Tag Archives: world history

My Goodreads review of The Penguin History of the World

The Penguin History of the World: Sixth EditionThe Penguin History of the World: Sixth Edition by J.M. Roberts

My rating: 5 of 5 stars

If you’ve been following me for a while, you’ll know that I read this book in increments over 13 months — I could have read it in 12, but I took this February off because I was getting wearied by the tome. If you read 3 1/4 pp per day, you will finish this book in a year. If you don’t–if you read it like a normal-sized book, I think the sheer mass of it will make you throw in the towel fairly soon. But 3 1/4 pp are manageable.

It’s hard not to give a magisterial volume like this 5 stars. I liked it because I like history. Here you have the whole sweep of human achievement, from the first stone tools and cave paintings to the Arab Spring. Our technological advancement and cultural changes are tracked in the broadest ways. The movement from small, isolated communities to broader nations and states to integrated polities and economies to the new globalised world is on display in this book.

Along the way, you meet the individuals, the stories that are the other aspect of history that keep people like me coming to read and reread the grand saga of human achievement, sorrow, and struggle. Ashurbanipal. Ramesses II. Plato. Alexander. Confucius. Siddartha ‘the Buddha’. Julius Caesar. Constantine. Mohammed. Charles ‘the Hammer’ Martel. Thomas Aquinas. Martin Luther. Winston Churchill. Mao Zedong. Mohondas ‘Mahatma’ Gandhi. Loads and loads of South and East Asian persons I’d never met before but whose acquaintance I was glad to make.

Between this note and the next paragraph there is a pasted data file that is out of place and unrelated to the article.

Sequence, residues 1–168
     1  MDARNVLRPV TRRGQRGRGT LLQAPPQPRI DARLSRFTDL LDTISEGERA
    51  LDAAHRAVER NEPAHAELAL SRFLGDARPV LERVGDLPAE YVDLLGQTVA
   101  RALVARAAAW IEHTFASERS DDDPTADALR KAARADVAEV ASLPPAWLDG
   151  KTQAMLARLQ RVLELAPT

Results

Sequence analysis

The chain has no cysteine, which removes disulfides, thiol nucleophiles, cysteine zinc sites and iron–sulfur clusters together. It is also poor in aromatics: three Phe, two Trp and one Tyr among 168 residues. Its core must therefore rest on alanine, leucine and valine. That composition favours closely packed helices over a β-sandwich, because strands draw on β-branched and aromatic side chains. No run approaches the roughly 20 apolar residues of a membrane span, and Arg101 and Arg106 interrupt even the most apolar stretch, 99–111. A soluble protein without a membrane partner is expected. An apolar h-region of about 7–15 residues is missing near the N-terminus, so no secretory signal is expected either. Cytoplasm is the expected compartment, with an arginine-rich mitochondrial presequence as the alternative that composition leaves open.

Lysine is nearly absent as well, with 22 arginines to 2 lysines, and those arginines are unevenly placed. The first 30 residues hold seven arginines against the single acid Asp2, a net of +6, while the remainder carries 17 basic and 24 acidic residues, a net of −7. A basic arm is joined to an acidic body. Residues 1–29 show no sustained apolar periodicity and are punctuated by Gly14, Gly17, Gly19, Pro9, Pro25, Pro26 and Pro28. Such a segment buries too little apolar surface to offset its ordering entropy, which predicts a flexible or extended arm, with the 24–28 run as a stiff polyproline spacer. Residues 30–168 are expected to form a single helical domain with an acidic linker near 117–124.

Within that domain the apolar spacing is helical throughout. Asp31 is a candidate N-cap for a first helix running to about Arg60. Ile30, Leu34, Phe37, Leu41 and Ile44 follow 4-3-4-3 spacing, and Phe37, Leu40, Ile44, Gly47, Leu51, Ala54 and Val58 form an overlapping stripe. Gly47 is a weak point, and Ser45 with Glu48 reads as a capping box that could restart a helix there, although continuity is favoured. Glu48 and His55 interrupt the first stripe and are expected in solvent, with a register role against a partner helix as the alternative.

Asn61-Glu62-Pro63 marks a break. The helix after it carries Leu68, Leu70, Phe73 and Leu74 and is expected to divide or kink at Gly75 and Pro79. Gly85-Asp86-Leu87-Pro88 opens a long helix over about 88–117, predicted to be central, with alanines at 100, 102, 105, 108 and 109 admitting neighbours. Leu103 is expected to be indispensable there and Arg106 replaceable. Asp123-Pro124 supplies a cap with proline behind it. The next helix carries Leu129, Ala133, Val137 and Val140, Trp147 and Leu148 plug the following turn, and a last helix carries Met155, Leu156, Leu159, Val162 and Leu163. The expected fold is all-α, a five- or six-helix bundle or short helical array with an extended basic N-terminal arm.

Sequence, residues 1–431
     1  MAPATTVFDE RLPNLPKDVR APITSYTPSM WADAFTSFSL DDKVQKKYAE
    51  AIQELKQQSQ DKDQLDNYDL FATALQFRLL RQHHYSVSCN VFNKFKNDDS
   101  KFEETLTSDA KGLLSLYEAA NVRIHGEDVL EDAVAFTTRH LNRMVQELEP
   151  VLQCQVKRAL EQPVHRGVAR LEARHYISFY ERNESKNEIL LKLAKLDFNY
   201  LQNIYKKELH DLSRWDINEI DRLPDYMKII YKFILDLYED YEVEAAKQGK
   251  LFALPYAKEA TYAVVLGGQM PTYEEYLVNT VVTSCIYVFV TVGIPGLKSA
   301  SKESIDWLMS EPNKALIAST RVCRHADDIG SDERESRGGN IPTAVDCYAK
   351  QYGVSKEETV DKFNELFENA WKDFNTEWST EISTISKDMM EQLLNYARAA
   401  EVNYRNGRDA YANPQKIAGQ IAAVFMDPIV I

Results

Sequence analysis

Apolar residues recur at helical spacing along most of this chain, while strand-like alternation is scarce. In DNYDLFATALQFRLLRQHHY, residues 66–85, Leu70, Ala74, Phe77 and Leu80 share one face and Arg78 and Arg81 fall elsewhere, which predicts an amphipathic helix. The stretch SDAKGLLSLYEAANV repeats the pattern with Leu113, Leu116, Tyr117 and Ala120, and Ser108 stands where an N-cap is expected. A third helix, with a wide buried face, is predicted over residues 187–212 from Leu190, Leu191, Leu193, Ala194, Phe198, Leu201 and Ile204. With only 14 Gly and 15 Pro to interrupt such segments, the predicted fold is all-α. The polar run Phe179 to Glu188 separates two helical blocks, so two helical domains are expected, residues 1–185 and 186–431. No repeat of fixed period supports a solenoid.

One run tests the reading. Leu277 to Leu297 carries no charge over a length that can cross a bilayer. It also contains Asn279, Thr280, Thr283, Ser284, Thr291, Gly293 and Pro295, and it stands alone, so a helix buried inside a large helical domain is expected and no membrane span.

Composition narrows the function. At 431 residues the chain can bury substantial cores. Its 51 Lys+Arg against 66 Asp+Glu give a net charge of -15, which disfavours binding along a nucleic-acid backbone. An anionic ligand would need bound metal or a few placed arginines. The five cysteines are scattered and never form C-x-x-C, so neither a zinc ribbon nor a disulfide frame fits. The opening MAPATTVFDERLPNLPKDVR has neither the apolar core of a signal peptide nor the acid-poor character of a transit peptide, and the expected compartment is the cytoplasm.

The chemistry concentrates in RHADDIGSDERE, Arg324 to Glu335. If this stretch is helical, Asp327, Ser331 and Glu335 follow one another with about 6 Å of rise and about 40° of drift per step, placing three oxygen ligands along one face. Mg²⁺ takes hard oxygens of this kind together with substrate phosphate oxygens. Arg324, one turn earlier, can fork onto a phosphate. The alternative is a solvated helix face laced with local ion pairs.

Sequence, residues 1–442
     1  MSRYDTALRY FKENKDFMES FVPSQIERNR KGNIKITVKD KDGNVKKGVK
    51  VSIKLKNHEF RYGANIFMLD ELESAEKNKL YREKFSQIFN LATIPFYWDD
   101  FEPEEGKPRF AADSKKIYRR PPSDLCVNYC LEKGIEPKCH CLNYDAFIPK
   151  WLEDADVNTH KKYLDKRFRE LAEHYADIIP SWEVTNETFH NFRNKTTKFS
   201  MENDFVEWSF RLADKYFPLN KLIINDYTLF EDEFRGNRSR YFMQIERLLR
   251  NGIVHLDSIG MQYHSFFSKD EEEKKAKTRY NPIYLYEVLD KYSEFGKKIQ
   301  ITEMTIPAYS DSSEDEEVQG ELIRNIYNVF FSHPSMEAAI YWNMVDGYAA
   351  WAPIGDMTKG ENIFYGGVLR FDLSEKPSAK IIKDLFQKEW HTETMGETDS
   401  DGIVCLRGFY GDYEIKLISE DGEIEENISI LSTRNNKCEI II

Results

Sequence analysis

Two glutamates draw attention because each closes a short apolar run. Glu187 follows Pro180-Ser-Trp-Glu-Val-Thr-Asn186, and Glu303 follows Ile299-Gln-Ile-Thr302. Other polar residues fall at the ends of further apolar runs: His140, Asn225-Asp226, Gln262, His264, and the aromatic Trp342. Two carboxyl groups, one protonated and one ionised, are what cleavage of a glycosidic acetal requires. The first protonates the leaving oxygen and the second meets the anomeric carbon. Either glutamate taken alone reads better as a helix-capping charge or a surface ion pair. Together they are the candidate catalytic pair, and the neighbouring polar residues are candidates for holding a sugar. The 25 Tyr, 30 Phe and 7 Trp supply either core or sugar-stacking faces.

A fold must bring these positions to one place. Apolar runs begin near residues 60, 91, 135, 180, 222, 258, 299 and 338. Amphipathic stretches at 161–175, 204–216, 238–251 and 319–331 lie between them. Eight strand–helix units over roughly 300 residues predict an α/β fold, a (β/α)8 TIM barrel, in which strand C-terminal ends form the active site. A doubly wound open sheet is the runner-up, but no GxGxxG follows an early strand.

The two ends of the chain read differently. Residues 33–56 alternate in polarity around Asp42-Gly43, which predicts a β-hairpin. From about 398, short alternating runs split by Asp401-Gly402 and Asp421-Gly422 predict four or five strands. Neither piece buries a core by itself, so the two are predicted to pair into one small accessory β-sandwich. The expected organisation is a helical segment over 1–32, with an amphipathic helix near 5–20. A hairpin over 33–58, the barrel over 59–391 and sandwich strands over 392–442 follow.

I recommend this book, with its Egyptians and Saxons, its Indians and Mayans, its Romans and Chinese, its Mongols and Americans, its East Africans and Japanese.

My problem — and this is a separate, wider rant, so I’ll keep it short — is epitomised in the following fact: the entire ancient world, from Mesopotamia to the Middle Ages, including the Mediterranean, South Asian, and East Asian worlds, takes under 300 pages, and the final 300 pages cover life from the First World War onwards. I don’t expect equal coverage of the ancient and modern, but this is an extreme case of the usual disparity. (Rant over.)

There are a few other moments throughout that I either disagreed with or felt could have been spun a bit differently, but overall the book is worth the read.

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